Some historians, however, take a more social-scientific view. They do not stress the peculiar or unique but instead attempt to analyze the underlying forces that produce outcomes across cultures and time, such as the rise and fall of empires. To do so, they may focus on the accumulation of wealth, the nature of political institutions, the qualities of leadership, and the like in order to try to identify key...

  13. 9 Incomplete Information in Literature and History
    (pp. 209-246)

    The classical definition of a game in extensive form (i.e., one represented by a game tree) includes the specification of the information players have about the sequence moves of the other players.¹ Although the role of information in games has always been central in game theory, it takes on special significance under the rules of TOM.

    For example, because standard game theory pays little attention to possible differences in the power of players, focusing instead on player choices and the stability of outcomes, it has little to say when there is incomplete information about power differences. Yet a player’s information...

  14. 10 Catch-22s in Literature and History
    (pp. 247-274)

    In his classic novel,Catch-22(1961, 52), Joseph Heller describes the thoroughly frustrating situation a U.S. combat pilot faced in World War II: “If he flew them [more missions] he was crazy and didn’t have to; but if he didn’t want to he was sane and had to.”¹ Unlike the frustrating situations I described in chapter 7, in which a player in an unsatisfactory state could initiate a series of moves to extricate itself, this strategy will not work if the game can cycle back to the initial state, whence the frustration and attendant anger returns.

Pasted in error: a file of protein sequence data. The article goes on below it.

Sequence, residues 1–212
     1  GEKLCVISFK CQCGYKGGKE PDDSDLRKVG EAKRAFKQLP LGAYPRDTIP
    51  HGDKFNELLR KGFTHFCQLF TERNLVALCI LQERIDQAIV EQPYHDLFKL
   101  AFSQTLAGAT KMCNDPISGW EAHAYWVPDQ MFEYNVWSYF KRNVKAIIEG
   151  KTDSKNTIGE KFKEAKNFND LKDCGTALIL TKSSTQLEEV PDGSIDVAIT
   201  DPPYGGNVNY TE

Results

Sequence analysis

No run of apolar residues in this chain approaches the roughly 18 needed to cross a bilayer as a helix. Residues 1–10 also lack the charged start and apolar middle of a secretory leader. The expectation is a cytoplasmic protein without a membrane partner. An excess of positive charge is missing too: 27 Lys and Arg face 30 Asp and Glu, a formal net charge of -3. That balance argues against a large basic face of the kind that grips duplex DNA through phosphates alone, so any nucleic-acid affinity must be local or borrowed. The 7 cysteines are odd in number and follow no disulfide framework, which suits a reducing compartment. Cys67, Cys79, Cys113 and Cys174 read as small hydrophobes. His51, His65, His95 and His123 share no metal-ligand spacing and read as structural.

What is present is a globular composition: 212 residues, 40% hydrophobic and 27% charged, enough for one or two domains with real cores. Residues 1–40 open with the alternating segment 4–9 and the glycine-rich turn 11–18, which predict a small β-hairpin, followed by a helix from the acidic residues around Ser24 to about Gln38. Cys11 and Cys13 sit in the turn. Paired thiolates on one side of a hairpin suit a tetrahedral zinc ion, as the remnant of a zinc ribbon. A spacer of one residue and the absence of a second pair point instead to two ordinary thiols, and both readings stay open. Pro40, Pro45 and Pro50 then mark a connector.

In this chapter, I...

  15. 11 Summary and Conclusions
    (pp. 275-280)

    Most of the applications I have made of game theory and the theory of moves (TOM) to the humanities alternate between fictional narratives and historical reconstructions. While they occur in two different worlds—made up and real—they share common ground: The players in them actrationally, in accordance with their goals.

    If Abraham’s faith in God wavers, he still can anticipate that God will renege on his command that he sacrifice Isaac, affording Abraham the opportunity to save Isaac by heeding God’s command (chapter 2).

    If, hypothetically, Abraham had refused to offer Isaac for sacrifice, he would have benefited...

  16. Appendix
    (pp. 281-286)
  17. Glossary
    (pp. 287-294)
  18. References
    (pp. 295-310)
  19. Index
    (pp. 311-319)